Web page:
Occupy Wall Street: Waking Up from the American Dream

In my freshman year of college, I had a professor named Brian Dougan. Professor Dougan was an unconventional man – he rode his bicycle to campus every day, he was fascinated with junk, and he wore his hair in dreadlocks that looked like they had gone unwashed for weeks. I’ll be the first to admit that I didn’t take his class as seriously as I should have. And yet, even though my grade in Professor Dougan’s class was less than stellar, he taught me one of the most important lessons I learned in college. Namely, he taught me that the greatest changes in our lives happen when we are farthest outside of our comfort zones. This is exactly why I find the Occupy Wall Street movement to be so exciting.

In the streets of American cities, people are leaving their comfort zones to try and bring about the change that has eluded them for so long. The result has been nothing short of revolutionary. Has anything like this ever happened before? I ask in earnest; I’ve only been walking this earth for 22 short years, and I admittedly lack the perspective of some of the more seasoned observers. I also admit I’m no economist. I realize there are some staggering financial numbers behind these protests that I would be ill-equipped to crunch.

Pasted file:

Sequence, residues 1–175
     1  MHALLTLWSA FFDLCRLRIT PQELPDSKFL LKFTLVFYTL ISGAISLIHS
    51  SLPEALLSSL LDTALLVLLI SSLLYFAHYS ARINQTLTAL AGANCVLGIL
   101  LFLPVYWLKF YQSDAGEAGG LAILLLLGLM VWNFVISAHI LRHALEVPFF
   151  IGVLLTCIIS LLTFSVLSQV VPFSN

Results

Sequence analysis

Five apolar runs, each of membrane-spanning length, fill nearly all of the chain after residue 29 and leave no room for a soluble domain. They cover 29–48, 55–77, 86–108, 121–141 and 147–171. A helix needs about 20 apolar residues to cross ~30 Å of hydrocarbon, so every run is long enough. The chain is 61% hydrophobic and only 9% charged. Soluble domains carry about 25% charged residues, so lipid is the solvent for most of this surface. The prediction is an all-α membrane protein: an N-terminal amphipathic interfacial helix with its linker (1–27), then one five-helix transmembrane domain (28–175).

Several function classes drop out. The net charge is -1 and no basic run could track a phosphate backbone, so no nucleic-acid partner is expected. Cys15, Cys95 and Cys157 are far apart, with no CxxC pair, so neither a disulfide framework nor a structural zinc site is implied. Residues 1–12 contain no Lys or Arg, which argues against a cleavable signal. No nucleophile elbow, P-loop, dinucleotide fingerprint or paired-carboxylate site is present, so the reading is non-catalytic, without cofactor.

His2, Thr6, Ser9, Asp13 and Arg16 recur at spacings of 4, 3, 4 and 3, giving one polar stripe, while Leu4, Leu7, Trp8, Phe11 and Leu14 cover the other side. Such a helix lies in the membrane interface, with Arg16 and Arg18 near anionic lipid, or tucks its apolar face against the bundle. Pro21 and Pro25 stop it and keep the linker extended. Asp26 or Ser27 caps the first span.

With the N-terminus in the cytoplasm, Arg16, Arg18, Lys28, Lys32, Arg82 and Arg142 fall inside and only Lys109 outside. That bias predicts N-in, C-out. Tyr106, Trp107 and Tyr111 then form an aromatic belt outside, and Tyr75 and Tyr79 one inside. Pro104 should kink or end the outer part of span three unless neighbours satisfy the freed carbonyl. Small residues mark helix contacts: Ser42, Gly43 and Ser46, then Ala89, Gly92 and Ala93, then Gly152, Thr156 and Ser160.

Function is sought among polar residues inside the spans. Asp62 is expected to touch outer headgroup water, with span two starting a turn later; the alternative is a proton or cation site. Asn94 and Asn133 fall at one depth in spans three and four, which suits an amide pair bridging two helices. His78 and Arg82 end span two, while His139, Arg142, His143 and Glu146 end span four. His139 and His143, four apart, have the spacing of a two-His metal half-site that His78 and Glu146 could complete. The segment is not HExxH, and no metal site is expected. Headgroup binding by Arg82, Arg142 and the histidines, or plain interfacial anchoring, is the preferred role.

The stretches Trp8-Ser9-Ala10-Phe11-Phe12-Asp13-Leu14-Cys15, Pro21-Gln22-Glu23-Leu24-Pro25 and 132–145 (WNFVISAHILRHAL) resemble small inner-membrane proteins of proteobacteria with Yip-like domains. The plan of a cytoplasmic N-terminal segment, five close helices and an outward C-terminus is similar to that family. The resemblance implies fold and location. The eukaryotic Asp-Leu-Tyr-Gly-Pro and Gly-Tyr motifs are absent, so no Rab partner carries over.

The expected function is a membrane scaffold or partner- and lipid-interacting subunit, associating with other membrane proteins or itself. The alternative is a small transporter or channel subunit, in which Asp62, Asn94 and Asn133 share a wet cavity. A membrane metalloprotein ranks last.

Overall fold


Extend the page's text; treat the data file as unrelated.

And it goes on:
But, do you know which numbers are even more staggering? Try the thousands of people gathering in New York City’s Zuccotti Park, as well as across the country. They’ve been occupying since Sept. 17, and they wouldn’t be showing up unless they had the passion to make their voices heard. Actually, “passion” is probably the wrong word to use at this point. “Anger” is probably a more suitable choice.

And why shouldn’t they be angry? If you’re anything like me, you grew up learning that America is a land of working hard and playing fair. Anyone could tell you that – our parents told us, our grandparents told us, exceedingly patriotic advertisements for Chevrolet pickup trucks told us. We grew up believing that The American Dream™ could be achieved by anyone who played by the rules. And then, when we woke up from the dream, we realized that someone drastically revised the rulebook while we were sleeping.

I’m sorry, I’m kind of looking at this is in a cynical fashion. This must be why I’m never allowed to discuss “grown-up” matters at parties. (I’m just kidding. I don’t get invited to parties.) But I can assure you, cynicism was not my intention. On the contrary, I would describe my view of Occupy Wall Street as “recklessly optimistic.” When I first learned of the movement, I thought it would be nothing more than a simple gesture, a fleeting attempt to start a dialogue about the rampant financial irresponsibility of our nation’s richest one percent of the population. That was almost a month and a half ago, and I am thrilled that I was wrong. I thought the masses would be content to sit on the couch and watch increasingly moronic television as their futures were gambled away by consequence-proof bankers and executives. But, lo and behold, people are finally angry enough to turn off the TV and realize that there are some castles out there in dire need of storming. It’s an exciting thing to watch. It’s an exciting time to be an American.